The Iraqi military view of OIF

No combat history is complete until you've heard from both sides in the conflict. This report completes the information loop on Operation Iraqi Freedom. Some of the 100 interviewees include Saddam's personal secretary, commanders of both Republican Guard Corps, the Special Republican Guard commander, and Saddam's director of military intelligence.

Noteworthy items mentioned in the unclassified IPP report include:

Iraqi regime belief that Russia and France would act on behalf of their own economic interests in Iraq to block any U.N. Security Council actions to authorize an invasion;

Fedayeen Saddam planned for attacks in Europe (including London) and the Middle East;

Saddam was more concerned about internal revolt than a coalition invasion. Therefore, bridges were not blown, oil fields were not torched, and the south was not flooded — all part of the inadequate and ineffective military planning done prior to the invasion;

Saddam and his inner circle believed their own propaganda;

Chemical Ali was convinced Iraq no longer had WMD, but many colleagues never stopped believing in them;

Years of U.N. sanctions and coalition bombing had reduced the military effectiveness and usefulness of the Iraqi military forces;

Military and ministry leaders lied to Saddam about the true state of their capabilities;

Iraq military capability was also eroded by irrelevant guidance from the political leadership, creation of "popular" militias, prominent placement of Saddam relatives and sycophants in key leadership positions, and an onerous security apparatus; and

The regime ordered the distribution of ammunition around the country to support a prolonged war with the coalition, but not to support the insurgency or a guerrilla war.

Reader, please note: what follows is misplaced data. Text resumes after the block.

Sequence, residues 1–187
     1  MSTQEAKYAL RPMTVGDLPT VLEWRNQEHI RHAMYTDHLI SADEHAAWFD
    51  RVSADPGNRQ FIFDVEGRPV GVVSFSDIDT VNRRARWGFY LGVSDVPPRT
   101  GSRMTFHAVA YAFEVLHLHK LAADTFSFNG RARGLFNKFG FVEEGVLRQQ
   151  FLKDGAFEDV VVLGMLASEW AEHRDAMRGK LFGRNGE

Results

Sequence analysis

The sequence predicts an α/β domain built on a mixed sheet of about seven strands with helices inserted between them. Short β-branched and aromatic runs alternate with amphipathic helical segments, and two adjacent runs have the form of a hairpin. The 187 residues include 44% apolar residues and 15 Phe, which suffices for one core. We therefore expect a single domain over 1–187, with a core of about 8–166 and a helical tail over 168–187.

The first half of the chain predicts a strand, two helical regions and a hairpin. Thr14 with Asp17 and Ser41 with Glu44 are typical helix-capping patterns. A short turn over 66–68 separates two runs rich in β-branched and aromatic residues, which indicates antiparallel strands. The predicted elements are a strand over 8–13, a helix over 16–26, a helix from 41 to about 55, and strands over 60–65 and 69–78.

John B. Dwyer   3 26 06

No combat history is complete until you've heard from both sides in the conflict. This report completes the information loop on Operation Iraqi Freedom. Some of the 100 interviewees include Saddam's personal secretary, commanders of both Republican Guard Corps, the Special Republican Guard commander, and Saddam's director of military intelligence.

Noteworthy items mentioned in the unclassified IPP report include:

Iraqi regime belief that Russia and France would act on behalf of their own economic interests in Iraq to block any U.N. Security Council actions to authorize an invasion;

Fedayeen Saddam planned for attacks in Europe (including London) and the Middle East;

Saddam was more concerned about internal revolt than a coalition invasion. Therefore, bridges were not blown, oil fields were not torched, and the south was not flooded — all part of the inadequate and ineffective military planning done prior to the invasion;

Saddam and his inner circle believed their own propaganda;

Chemical Ali was convinced Iraq no longer had WMD, but many colleagues never stopped believing in them;

Years of U.N. sanctions and coalition bombing had reduced the military effectiveness and usefulness of the Iraqi military forces;

Military and ministry leaders lied to Saddam about the true state of their capabilities;

Iraq military capability was also eroded by irrelevant guidance from the political leadership, creation of "popular" militias, prominent placement of Saddam relatives and sycophants in key leadership positions, and an onerous security apparatus; and

The regime ordered the distribution of ammunition around the country to support a prolonged war with the coalition, but not to support the insurgency or a guerrilla war.

John B. Dwyer   3 26 06